In "Worst Competition Ever" Homer and Bart, through some unusually normal events, open up a new comic book store. This makes them enemies of Comic Book Guy. Meanwhile, Grandpa Simpson's retirement home appears to be spiraling toward a state of decay.
The subplot grows more important as the main story progresses, and unlike what's expected, the tale does not detail continual one upmanship. Instead, Rogers' story takes advantage of Homer Simpson's single-mindedness and how quickly he becomes ensnared in other's dreams, if those dreams interest him.
John Costanza and Phyllis Novin accomplish Homer's strange metamorphosis not through just simple appearance but also by subtly changing Homer's attitude and his body language. This is much more complex an artistic feat. How do you alter the visual characterization without losing the character's essence? Art Villanueva in addition blows every bulb in the rainbow.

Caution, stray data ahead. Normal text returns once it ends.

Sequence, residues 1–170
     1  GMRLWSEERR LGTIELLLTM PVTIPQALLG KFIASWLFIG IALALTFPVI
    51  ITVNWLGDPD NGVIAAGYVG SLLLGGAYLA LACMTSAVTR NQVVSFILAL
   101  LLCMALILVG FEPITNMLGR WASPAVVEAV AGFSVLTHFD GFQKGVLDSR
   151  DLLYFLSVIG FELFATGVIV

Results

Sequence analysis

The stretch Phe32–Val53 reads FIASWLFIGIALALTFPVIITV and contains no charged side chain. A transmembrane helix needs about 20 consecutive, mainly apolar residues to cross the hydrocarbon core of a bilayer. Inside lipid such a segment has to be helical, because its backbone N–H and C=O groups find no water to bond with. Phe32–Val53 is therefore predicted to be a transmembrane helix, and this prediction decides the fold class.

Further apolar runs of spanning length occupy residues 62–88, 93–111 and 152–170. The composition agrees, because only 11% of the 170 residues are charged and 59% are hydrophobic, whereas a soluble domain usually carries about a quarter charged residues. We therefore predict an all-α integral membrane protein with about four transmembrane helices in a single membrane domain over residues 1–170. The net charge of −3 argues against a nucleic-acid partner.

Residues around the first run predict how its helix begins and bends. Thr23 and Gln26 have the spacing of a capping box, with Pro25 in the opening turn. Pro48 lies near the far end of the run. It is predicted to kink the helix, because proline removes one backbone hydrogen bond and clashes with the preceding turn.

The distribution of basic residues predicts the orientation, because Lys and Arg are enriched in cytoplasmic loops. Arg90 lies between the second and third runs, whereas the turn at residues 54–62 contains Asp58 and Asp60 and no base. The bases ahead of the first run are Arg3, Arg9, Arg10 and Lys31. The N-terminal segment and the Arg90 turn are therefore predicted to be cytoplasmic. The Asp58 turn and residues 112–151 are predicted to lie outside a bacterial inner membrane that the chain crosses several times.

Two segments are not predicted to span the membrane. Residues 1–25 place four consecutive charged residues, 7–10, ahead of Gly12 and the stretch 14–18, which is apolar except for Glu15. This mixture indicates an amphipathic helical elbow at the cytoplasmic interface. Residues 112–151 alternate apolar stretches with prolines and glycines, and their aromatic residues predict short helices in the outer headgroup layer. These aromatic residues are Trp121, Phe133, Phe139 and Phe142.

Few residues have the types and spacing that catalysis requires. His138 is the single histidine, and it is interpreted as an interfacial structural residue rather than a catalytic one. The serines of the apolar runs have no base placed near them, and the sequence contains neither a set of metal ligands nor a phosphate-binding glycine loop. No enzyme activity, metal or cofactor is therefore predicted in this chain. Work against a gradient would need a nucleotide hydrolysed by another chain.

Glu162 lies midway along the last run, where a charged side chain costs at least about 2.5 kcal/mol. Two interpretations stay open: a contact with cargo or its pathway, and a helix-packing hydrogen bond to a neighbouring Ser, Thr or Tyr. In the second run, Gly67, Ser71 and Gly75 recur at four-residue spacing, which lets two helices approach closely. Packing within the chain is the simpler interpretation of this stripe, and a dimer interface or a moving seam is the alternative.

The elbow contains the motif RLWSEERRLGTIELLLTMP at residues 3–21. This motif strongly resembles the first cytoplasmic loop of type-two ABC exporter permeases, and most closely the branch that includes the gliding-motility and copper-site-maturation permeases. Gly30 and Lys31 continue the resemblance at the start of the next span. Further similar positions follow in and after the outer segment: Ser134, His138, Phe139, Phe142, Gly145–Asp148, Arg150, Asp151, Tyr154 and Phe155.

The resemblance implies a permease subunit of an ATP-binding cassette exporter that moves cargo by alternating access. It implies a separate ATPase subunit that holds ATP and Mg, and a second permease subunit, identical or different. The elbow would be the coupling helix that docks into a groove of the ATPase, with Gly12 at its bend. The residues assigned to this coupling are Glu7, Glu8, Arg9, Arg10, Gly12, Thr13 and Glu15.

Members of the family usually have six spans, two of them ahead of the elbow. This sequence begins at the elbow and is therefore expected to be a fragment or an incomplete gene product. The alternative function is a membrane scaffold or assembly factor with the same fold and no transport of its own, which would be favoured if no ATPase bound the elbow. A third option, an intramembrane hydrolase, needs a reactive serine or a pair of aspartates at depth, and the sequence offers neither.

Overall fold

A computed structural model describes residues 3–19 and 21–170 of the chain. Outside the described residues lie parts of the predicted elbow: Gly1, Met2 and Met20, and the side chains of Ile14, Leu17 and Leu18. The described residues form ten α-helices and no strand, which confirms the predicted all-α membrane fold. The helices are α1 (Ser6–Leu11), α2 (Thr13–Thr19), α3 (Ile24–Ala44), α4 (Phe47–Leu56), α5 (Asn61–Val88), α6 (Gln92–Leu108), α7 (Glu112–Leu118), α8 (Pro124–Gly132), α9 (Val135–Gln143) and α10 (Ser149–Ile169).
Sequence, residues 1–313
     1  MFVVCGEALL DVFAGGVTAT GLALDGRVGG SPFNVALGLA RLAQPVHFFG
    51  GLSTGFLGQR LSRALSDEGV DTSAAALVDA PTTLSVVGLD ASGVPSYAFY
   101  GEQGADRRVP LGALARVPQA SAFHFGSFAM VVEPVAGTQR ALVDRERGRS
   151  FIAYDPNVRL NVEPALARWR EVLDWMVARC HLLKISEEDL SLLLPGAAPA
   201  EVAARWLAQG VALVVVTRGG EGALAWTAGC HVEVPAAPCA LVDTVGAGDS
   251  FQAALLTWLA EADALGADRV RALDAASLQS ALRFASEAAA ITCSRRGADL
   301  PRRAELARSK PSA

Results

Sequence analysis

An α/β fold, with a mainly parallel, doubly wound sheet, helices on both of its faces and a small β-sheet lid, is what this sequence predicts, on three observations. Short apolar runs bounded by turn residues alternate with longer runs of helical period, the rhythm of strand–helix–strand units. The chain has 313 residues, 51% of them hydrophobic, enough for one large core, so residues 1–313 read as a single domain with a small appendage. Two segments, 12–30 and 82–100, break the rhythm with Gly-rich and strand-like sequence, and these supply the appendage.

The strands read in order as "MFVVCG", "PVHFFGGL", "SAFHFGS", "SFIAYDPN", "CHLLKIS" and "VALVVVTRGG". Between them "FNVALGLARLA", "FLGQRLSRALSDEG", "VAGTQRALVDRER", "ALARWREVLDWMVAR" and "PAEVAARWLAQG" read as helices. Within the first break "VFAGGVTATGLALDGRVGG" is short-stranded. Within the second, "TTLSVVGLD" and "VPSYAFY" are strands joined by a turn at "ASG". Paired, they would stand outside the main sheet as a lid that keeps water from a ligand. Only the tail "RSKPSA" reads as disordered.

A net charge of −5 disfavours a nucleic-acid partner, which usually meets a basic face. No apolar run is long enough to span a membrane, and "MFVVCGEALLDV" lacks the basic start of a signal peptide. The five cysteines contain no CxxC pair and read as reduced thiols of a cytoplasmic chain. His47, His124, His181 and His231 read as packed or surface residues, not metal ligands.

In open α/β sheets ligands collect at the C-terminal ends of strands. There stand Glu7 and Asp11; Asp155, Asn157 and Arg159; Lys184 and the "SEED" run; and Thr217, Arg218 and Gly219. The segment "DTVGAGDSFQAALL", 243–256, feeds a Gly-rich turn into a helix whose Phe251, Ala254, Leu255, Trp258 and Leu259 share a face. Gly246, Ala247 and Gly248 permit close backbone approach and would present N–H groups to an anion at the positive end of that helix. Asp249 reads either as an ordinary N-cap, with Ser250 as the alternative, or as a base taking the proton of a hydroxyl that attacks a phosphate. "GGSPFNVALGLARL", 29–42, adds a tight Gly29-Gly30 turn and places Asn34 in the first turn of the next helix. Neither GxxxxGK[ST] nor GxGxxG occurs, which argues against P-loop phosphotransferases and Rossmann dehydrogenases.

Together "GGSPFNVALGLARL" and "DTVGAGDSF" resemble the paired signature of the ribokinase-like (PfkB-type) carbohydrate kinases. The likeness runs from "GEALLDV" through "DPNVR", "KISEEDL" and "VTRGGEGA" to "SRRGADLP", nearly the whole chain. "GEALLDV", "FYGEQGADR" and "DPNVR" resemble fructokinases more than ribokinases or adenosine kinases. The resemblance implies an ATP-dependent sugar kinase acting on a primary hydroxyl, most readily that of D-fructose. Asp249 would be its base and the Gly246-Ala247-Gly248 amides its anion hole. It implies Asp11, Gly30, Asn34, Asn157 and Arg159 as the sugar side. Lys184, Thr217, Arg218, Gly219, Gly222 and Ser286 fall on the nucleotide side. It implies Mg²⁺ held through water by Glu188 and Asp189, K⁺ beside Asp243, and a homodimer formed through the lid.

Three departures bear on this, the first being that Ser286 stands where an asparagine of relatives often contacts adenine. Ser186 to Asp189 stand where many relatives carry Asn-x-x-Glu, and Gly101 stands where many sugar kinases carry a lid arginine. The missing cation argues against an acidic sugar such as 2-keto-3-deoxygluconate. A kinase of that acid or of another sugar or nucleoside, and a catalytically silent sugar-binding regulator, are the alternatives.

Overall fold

Chuck Dixon fills the remainder of the pages with a fascinating fair play mystery in which Marge goes back to her cop roots to find out which of the family, swearing innocence, messed up the kitchen.
Clues are given. Deductions are made, and Costanza, Novin and Villanueva cut to the chase with a brilliant use of space within a single panel to create scale, scope and the illusion of depth.
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